Quantcast
Connect with us

3 ways to be smart on social media

Published

on

This past year, many people deleted their social media accounts following revelations about privacy violations on social media platforms and other concerns related to hate speech.

As people adopt their resolutions for the year, it is likely that many more will reconsider their social media use.

However, as a scholar of social media and religion, I’d argue that rather than just stop using social media, people could use it to improve their overall well-being. Here are three ways to do so.

ADVERTISEMENT

1. Be active

Studies have shown that there is a big difference between passive social media use and active use. Scrolling through a newsfeed and merely looking at what others have posted is considered passive social media use.

Conversely, commenting on posts, sharing articles and creating posts constitute active social media use. Research has found that actively using social networking sites can contribute to feelings of social connectedness. This can contribute to a sense of overall well-being.

On the other hand, a study found that passive Facebook use increases feelings of envy. Researchers asked participants to sit in a laboratory and passively use Facebook by only browsing and not commenting, sharing or liking content. Participants passively using Facebook were found to have an increase in their feelings of envy.

2. Focus on meaningful engagement

Social media sites allow users to engage in various types of communication. There are impersonal forms of communication such as the single click “Like” button and more personal forms of communication such as direct messaging and comments.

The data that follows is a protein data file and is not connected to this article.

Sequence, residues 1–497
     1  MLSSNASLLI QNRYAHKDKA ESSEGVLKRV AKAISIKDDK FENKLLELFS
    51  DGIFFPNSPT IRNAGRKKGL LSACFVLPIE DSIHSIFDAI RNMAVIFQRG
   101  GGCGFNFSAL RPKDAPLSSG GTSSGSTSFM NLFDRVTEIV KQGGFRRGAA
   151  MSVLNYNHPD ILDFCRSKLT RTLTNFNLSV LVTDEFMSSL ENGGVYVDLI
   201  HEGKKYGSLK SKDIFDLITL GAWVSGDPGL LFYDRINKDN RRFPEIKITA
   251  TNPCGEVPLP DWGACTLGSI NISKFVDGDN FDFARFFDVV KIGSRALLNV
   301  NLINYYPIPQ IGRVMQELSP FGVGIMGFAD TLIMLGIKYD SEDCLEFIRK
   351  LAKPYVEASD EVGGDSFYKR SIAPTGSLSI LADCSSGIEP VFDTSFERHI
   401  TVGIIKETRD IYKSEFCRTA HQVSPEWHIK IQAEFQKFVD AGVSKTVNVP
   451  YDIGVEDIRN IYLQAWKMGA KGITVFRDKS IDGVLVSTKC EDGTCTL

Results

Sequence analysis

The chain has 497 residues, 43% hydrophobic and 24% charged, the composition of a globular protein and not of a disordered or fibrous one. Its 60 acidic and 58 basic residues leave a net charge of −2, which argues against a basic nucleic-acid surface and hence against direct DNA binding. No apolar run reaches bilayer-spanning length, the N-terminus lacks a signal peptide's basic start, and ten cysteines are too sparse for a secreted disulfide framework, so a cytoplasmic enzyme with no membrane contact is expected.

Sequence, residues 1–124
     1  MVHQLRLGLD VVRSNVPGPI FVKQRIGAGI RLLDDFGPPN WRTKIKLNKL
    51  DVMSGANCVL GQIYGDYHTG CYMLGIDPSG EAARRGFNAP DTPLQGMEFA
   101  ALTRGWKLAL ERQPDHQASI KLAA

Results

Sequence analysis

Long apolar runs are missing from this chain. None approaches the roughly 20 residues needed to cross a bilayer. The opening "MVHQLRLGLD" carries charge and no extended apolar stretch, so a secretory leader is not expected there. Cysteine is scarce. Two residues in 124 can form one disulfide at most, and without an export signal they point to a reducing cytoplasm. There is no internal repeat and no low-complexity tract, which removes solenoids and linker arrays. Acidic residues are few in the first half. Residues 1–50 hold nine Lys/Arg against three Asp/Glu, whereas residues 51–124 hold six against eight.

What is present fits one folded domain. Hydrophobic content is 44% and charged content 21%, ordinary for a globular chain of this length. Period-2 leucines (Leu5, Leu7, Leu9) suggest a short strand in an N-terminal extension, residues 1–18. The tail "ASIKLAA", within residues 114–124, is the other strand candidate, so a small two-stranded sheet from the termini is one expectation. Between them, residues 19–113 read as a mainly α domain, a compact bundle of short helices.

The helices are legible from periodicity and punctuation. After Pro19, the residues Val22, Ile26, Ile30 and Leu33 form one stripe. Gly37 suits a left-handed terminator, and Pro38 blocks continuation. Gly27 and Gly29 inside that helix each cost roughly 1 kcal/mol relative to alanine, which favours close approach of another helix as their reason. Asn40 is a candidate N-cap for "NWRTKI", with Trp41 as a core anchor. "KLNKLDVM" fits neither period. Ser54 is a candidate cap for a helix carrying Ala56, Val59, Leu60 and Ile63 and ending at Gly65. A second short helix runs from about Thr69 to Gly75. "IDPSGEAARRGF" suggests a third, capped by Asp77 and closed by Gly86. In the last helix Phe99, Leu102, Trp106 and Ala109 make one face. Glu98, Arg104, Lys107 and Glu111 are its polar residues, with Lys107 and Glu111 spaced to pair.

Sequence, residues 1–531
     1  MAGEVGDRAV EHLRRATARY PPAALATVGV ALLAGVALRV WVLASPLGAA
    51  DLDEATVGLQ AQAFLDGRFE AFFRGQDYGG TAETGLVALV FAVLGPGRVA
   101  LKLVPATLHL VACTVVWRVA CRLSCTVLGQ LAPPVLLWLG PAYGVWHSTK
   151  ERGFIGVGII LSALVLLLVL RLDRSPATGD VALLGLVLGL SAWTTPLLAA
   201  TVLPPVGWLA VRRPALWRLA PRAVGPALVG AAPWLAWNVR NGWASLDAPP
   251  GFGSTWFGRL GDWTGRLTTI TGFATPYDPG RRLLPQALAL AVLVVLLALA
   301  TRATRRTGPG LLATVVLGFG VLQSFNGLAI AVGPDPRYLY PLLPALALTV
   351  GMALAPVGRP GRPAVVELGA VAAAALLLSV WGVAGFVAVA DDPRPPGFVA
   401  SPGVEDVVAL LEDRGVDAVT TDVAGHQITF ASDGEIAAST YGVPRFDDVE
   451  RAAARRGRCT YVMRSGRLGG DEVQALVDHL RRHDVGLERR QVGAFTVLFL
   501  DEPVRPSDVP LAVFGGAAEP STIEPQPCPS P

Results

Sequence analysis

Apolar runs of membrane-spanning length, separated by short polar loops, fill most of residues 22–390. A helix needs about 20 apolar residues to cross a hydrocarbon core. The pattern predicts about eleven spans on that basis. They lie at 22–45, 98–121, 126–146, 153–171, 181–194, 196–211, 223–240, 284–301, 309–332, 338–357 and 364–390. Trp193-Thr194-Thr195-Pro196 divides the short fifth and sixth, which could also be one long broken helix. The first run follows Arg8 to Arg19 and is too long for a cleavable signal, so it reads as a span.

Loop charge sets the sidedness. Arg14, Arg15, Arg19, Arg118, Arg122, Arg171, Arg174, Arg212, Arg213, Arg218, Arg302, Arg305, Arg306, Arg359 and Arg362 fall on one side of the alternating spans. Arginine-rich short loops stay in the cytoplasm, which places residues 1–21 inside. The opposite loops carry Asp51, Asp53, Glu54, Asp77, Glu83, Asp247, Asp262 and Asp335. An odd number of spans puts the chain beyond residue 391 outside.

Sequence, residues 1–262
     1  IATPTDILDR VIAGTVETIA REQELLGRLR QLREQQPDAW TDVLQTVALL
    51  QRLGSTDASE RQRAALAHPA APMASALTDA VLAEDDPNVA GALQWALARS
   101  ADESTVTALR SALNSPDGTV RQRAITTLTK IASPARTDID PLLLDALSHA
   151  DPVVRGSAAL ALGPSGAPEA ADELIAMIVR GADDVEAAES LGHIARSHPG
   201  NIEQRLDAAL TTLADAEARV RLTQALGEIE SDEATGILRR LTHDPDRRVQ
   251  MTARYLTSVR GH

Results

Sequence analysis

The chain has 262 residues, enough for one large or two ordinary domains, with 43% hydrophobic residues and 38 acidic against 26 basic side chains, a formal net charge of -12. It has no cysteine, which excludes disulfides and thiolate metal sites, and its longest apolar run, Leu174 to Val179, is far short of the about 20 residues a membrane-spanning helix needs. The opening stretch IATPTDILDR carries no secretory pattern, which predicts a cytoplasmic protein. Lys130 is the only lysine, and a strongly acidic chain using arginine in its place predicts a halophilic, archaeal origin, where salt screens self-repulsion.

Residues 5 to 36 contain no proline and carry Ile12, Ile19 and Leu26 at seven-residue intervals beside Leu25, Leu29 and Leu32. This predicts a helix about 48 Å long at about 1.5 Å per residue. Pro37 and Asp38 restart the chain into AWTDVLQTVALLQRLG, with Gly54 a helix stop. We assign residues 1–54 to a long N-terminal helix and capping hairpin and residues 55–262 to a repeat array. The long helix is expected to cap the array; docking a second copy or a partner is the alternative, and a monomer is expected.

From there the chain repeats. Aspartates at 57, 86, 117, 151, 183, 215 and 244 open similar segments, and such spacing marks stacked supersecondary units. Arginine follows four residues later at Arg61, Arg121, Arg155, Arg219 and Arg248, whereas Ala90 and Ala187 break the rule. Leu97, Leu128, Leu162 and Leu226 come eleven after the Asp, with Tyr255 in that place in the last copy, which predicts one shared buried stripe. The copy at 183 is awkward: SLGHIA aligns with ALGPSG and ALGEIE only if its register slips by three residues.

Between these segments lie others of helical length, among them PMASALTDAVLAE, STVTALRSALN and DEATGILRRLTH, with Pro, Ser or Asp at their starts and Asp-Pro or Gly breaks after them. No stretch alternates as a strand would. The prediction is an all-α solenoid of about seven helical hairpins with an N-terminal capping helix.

Direct messaging and comments can help with a deeper level of engagement.
Denys Prykhodov/Shutterstock.com

Research has found that direct communication on Facebook can have a positive psychological impact on individuals. A direct message can often lead to feelings of social support and encouragement. It has been found to be particularly helpful when people already share a connection. Direct messaging and personalized comments can provide a deeper level of engagement.

ADVERTISEMENT

One of these studies showed that commenting on a post, instead of pressing the like button, could improve the mood of the person who made the original post. In one such example, a respondent in the study described how personalized comments, even trivial ones about funny cat videos, can result in feelings of support.

Similarly, research has shown that social networking sites can provide social support to those who have recently lost a job.

3. Use social media for professional purposes

According to researchers in Germany, Sonja Utz and Johannes Breuer, using social networking sites for professional purposes can result in “informational benefits” such as knowing what is happening in one’s field and developing professional connections.

ADVERTISEMENT

For example, these scholars found that people who use social networking sites for professional purposes report having greater access to information about timely innovations in their field than nonusers. A similar study of academics in the United Kingdom found that 70 percent of participants had gained valuable professional information through Twitter.